Keeping it Cool

Boston’s ice cream scene is hot all winter

While it may be known as “home of the bean and the cod,” MA is also one of the largest consumers of ice cream per capita in the United States. In the summer, that is all fine and good. But how can the Bay State maintain this claim during its often brutal winters?
Well, when you have the type of quality products from local purveyors like Abbott’s Frozen Custard, Chill on Park ( , and Truly Yogurt ( ), it makes at least a little more sense.

Though it was born and raised in Rochester, NY over 100 years ago, Abbott’s has made a major impact on MA with two shops in the Boston suburbs of Brighton of Needham that draw fans from all over New England. Boasting the first true frozen custard in New England, Abbotts offers a frozen treat that is so thick, creamy, and ice-chunk free, that it is worth braving the cold to enjoy a bit of delicious brain freeze.

“We are all about a fun family time,” says MA shop Manager Mary Pat Dauria (a Rochester native who was the first to convince the company’s founders to let her take their secret recipe over the NY border in 2007). “Ice cream is happy time!”

And when the ice cream is this good, it can make people happy even when the weather outside is frightful.

“There may be more ice outside than we care to admit,” Mary Pat observes, “but if you still crave a creamy treat with no ice in it, there is a great place to go- Abbott’s!”

 In addition to founder Arthur Abbott’s signature slow-churned, egg-infused frozen custard, Abbott’s offers co-founder Thelma Schreiber’s frozen custard turtles and some of the best milkshakes ever made by hand. And while the standard flavors keep people coming back again and again, it is never a bad idea to branch out for seasonal satisfiers like their famous eggnog, gingerbread, butterscotch, peppermint twist and pumpkin flavors, any (or all) of which are perfect for private or office parties.

“MA residents not only consume large quantities of ice cream,” Mary Pat observes, “but they know what they like,”

Another area entrepreneur who has been giving the people what they want for a few years now is Wendy Issokson, co-owner of Chill on Park.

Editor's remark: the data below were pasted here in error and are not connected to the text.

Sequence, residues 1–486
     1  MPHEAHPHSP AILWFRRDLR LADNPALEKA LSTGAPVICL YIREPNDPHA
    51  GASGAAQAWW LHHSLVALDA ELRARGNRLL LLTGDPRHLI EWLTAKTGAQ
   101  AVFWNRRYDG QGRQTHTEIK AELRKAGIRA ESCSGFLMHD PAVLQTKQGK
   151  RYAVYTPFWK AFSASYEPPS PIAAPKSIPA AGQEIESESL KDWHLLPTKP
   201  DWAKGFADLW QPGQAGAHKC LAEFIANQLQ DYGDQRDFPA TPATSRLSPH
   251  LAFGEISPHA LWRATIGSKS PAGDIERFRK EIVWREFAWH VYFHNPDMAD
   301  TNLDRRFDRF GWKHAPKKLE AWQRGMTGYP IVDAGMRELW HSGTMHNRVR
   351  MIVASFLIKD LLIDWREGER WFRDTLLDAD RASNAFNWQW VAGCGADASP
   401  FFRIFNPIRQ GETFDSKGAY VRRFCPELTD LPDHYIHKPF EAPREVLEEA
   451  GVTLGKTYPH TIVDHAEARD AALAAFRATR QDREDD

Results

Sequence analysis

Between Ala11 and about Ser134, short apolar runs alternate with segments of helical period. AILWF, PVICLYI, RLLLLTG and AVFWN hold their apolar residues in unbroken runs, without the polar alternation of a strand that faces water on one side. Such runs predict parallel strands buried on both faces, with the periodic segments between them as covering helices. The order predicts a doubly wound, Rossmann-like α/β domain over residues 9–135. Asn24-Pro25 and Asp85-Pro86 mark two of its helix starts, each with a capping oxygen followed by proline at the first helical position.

Though she lives close to Abbott’s, Issokson and her husband Alan are also passionate about the Fields Corner neighborhood of Boston, where Alan’s family has lived and worked for generations. So, when a part of the building in which Alan’s family’s insurance agency became available, Wendy and Alan decided to move in themselves and bring to their neighborhood a sweet place to eat and congregate.

“I created a mission and the business followed,” Wendy explains. “I am passionate about Fields Corner and wanted to create a gathering place for people of all ages.”
After researching area ice cream creators, as well as local coffee, tea, and pastry purveyors, Wendy put together the ever-expanding menu of foods that has enticed an ever-growing list of locals and dedicated fans from further away to come chill at Chill. She also made community connections to ensure that her staff is all local and that community groups could always find a place to meet and eat at her two-year-old shop. Chill also hosts private parties, staff meetings, and even story hours for neighborhood children.

“I have never worked in retail before,” Wendy admits, “so it is certainly a big change. The learning curve is a steep one and the teens that I employ are teaching me things and coming up with new and great ideas daily.”

No matter who suggests it, however, all good ideas are taken to heart and all opportunities to involve others are promoted with a goal of every guest having a great experience that reflects well on the store and the community.

“Everything we serve is top quality,” Wendy assures, “and it is always done with a smile!”

Another Needham-based ice cream entrepreneur is Gary Goldman, who runs Truly Yogurt in nearby Wellesley. Having been in the business since 1992, Goldman is the senior partner of the three super scoopers. And yet he also has another lifetime behind him, having worked as a financial controller for 15 years before putting down his actuarial charts and picking up his scoop.

“I wanted to own my own business,” Goldman explains. “I knew I wanted a business that wouldn't have that much overhead to get involved with and would have a huge upside that I could grow. Truly Yogurt fit that bill.”

As he knew the amount of ice cream his neighbors ate, Goldman found a sweet spot in a snazzy section of Wellesley and rediscovered his creative side.

“I like to eat food and create things with food,” he reasons, “so it was a good fit!”

While he admits that winters in New England can be “challenging” for anyone, let alone a frozen yogurt shop owner (no matter how beloved he or she may be), Goldman has been able to sock away enough “reserve financial fund” in the warmer months and also to expand his line to include such perennial items as cakes and holiday-themed specials so that he is able to keep his “core group” of customers coming back and engaging new one to keep the register ringing from Halloween through Valentine’s Day and then some.

“Also, the store is warm inside,” he points out, “and people still come in for their yogurt/ice cream/sorbet treat.”


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